Dec. 20, 2017
Much is said about millennials not having much interest in homeownership. In reality, nothing could be further from the truth. According to new data from Apartment List, 80% of millennials do have the desire to buy their own homes. However, it’s economic factors that are delaying the process, sometimes by as long as two decades. This assumes a 20% down payment. Still, even if this is reduced by half, only 33% of millennials would be able to save that amount in five years or less.
For the millennials that are able to get out on the market and look for a home, the process will look much different for them than it looked for their parents or grandparents. One reason for this is the relatively new introduction of virtual reality (VR) technology into the real estate market.
Well-heeled millennials will demand a high quality VR experience
Real estate commissions are a 52 billion dollar industry. The ability to use VR to showcase homes, something that Sotheby’s is already doing, has major potential to cause disruption. Given that 95% of buyers use the internet to look for homes, and 51% buy homes that they have found using the internet, adding VR to the mix seems like a natural next step.
One of the reasons that Sotheby’s is already engaged in using VR as a means to show homes is that many luxury home sales are done without the buyer ever having stepped foot onto the property. This is often because these transactions are done on a global scale where in person showings simply are not feasible. Not only will millennials involved in these transactions expect this service to be made available to them, they will likely demand an increasingly higher quality experience.
Home sales done via Facebook may soon involve VR
There is speculation that the driving factor behind Facebook’s decision to buy Oculus Rift was its potential for use in the platform’s marketplace. Considering that Facebook is heavily invested in the growth of person to person sales, the idea that a real estate transaction could take place sans realtor could drive more people to consider undertaking this process with no middleman between the buyer and seller. This can have a serious impact on the amount of time it takes to buy a house.
Home and apartment rentals will also be impacted
One of the consequences of millennials’ inability to purchase homes as early as previous generations is a major uptick in the single family and apartment rental industry. While single and attached home rentals are growing at an even faster pace, apartment rentals are being changed by the use of virtual reality.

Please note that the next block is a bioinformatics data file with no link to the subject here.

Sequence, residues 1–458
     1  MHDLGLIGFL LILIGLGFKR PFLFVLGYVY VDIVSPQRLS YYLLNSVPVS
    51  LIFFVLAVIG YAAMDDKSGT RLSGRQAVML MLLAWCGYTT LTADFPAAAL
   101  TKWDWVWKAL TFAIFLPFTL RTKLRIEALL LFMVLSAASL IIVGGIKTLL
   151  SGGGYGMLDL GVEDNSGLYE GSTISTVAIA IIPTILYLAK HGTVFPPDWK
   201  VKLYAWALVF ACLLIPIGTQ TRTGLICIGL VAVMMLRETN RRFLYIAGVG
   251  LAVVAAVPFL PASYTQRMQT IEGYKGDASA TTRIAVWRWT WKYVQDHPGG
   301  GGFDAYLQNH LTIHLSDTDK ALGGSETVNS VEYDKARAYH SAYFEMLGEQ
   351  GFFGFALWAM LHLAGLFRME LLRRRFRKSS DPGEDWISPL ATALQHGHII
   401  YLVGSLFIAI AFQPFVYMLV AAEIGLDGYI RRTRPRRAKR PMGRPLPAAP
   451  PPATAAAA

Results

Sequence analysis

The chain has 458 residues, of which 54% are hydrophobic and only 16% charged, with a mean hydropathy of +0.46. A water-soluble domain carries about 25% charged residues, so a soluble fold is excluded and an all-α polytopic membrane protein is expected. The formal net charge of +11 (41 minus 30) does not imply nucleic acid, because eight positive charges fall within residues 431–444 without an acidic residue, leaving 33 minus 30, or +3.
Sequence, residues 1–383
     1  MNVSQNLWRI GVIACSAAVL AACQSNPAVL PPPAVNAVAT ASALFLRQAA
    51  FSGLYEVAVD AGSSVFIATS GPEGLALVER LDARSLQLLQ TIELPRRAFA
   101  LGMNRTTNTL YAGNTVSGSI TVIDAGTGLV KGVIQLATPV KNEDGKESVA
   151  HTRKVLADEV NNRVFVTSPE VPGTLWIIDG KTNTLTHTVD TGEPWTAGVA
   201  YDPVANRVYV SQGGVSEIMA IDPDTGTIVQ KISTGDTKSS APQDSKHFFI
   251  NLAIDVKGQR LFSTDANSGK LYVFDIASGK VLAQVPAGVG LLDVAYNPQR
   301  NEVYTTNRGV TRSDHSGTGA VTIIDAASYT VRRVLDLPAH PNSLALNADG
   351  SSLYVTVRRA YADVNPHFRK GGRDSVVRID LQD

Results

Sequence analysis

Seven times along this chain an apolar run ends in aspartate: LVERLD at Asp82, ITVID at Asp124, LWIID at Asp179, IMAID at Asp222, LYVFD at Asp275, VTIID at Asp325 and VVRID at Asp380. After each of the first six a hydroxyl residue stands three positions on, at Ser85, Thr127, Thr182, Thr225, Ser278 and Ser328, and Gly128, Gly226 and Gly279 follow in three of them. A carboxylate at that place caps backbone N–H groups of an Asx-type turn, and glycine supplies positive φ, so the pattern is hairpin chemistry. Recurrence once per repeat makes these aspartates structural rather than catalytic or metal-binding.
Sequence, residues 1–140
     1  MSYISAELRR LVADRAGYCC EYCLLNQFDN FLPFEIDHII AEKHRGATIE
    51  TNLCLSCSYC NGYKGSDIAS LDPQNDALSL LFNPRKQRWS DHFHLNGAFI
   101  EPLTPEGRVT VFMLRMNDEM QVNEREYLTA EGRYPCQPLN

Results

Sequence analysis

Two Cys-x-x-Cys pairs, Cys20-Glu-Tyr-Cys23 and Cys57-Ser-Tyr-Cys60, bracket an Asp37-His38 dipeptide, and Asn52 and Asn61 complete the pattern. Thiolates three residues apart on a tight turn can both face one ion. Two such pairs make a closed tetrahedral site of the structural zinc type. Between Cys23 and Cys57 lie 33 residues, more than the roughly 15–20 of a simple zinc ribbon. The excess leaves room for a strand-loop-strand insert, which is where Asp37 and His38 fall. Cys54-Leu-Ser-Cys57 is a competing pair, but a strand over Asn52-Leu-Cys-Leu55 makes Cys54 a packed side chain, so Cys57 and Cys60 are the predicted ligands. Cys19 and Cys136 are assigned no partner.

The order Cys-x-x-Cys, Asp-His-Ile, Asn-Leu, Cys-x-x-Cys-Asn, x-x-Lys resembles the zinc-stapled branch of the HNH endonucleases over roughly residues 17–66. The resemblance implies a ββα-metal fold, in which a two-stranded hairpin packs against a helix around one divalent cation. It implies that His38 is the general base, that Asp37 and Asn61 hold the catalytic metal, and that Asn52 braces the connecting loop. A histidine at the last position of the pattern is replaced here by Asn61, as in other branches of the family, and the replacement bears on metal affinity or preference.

Rather than taking the time to show properties individually, rental managers can simply schedule live VR sessions where they can show properties and answer questions. Using MARK.SPACE, a blockchain-powered 3D and VR open source platform for creation and integration of spaces and objects, they can also record showings and make those available to potential renters to view online.
There will be fewer tire kickers at showings
As more potential buyers are able to use virtual reality to tour potential homes online, fewer will come to open houses or one on one viewings with real estate agents. Buyers benefit from this because they can tour homes using VR and eliminate all from consideration that aren’t appealing based on what they observe. This means less travel and expense looking at homes. Sellers and agents benefit because they don’t waste time trying to market homes to tire kickers or those who simply won’t find those homes worthy of consideration.
Millennials will embrace the use of VR before others
About 71% of millennials express very positive feelings regarding virtual reality. This isn’t surprising as they tend to be early and enthusiastic adopters of technology. While members of older generations may need some convincing that VR adds value to the real estate process, millennials will be eager to take advantage of it. As a result of this, they may start to gain an advantage simply by being able to enjoy a more streamlined process when searching for homes they can afford. Because use of VR can mean less work for real estate agents, millennials may find themselves being courted by listing agents.
VR will also impact real estate development
For years, product designers have used 3D modeling to give investors the best idea possible of what a final product might look like. VR technology means that real estate developers can do the same thing. Potential buyers and investors will be able to see a home or building as it will look when it’s completed.
More millennials are interested in homeownership than many people think. Unfortunately, economic factors are delaying the process, sometimes by decades. However, when millennials are ready to purchase a home, or even look for a rental, they will likely find that virtual reality is an important part of the process. If they embrace this, they can enjoy a home buying process that is much simpler and more convenient.